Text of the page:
Making Kindergartners Unafraid to Fail: Growth Mindset and How To Teach It
Education, Curriculum Design
paddleballs, a copy of "Your Fantastic Elastic Brain"
A 30 minute lesson for K4 and K level students that encourages growth mindset—that is, the belief that hard work will lead to improved school performance. While this may seem self-evident, a lot of what we say to kids actually leads them to believe the opposite. If they’re not good at something, they never will be. If they’re told that they’re “smart,” then any kind of failure isn’t an opportunity to grow but a threat. Kids who believe intelligence is fixed are far more likely to cheat on tests and apply themselves less in school.
Create a lesson accessible to kindergarten students that changes the language everyone in the classroom uses about success and failure and learning.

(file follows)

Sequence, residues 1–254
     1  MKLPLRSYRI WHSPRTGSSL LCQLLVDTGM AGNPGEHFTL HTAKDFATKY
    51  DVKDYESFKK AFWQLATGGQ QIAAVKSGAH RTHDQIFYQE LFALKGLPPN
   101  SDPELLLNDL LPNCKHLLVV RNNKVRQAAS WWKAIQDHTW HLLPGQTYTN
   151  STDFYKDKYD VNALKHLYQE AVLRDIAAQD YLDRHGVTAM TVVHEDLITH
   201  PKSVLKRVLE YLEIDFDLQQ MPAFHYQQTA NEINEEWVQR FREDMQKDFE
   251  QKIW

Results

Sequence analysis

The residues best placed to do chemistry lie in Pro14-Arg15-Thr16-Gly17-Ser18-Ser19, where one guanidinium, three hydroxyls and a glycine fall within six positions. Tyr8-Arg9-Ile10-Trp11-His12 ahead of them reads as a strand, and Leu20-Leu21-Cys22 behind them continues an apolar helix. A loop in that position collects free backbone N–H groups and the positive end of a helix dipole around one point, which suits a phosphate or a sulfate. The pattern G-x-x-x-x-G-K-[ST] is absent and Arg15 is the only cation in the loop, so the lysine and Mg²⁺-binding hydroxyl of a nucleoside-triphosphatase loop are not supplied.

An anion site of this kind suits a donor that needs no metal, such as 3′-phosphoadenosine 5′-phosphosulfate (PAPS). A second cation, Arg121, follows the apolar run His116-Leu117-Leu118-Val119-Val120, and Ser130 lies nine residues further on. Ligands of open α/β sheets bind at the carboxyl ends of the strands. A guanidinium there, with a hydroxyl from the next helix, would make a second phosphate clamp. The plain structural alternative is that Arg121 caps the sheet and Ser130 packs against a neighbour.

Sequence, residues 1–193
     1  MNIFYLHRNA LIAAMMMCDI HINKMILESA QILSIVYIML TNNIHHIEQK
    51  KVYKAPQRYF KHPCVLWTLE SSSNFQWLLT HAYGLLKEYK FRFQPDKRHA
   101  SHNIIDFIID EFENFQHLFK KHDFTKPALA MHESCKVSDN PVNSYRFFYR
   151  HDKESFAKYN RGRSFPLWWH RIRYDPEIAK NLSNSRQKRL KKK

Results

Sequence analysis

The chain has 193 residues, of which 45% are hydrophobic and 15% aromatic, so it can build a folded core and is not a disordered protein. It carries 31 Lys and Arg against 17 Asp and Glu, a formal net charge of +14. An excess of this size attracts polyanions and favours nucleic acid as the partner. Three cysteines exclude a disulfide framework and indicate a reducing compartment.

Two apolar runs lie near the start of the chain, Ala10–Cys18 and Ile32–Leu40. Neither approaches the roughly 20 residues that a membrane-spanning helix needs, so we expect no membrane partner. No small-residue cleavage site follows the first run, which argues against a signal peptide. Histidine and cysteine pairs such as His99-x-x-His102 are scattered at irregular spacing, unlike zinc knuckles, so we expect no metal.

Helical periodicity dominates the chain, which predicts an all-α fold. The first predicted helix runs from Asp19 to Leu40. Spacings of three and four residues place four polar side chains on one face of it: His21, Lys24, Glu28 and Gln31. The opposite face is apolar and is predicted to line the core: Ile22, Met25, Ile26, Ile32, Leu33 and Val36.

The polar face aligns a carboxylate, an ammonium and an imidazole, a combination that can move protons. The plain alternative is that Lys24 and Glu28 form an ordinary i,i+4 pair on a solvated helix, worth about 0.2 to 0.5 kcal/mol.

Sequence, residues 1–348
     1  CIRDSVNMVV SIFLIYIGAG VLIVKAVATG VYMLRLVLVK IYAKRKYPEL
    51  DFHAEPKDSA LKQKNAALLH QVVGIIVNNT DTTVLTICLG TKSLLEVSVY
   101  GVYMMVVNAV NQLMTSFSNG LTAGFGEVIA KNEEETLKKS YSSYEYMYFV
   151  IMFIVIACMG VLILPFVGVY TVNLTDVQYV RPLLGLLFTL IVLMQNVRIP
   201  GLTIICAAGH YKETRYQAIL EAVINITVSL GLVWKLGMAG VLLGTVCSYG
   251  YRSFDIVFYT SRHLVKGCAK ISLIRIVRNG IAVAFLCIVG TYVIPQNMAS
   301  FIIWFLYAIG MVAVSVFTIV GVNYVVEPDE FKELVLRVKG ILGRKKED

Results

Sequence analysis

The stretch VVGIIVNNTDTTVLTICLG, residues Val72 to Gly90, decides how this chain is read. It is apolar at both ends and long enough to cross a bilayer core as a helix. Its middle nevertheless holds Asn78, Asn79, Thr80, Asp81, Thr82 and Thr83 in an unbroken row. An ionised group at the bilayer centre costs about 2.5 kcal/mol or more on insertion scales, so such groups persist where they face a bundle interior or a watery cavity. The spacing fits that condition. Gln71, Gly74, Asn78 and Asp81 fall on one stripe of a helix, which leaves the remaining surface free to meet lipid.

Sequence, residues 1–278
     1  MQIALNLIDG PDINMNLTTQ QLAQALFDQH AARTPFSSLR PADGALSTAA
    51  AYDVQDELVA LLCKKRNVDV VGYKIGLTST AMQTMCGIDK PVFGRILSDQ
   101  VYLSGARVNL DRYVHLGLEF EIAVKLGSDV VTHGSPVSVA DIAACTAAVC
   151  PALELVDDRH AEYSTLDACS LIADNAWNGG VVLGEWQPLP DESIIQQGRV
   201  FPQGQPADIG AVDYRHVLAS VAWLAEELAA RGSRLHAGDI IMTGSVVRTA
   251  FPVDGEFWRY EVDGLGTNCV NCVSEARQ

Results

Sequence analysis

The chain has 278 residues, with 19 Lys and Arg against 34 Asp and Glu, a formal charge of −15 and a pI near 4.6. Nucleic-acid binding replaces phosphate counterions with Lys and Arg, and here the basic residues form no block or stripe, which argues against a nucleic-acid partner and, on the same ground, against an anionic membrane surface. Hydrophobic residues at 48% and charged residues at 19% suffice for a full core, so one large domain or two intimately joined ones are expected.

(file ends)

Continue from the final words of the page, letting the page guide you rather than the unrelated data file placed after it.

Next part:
The process for creating this lesson was a mix of reading, research, and some improvisation. For a more detailed look at the lesson plan, click here.
Outcomes and Takeaways
Evaluation was judged on how many kids could communicate a story about growth in skills over time (about 90%). Anecdotally, the language of the classroom and the number of incidents of “perfection meltdown”—that is, a child having a serious emotional incident tied to inability to succeed at a task perfectly the first time—fell dramatically.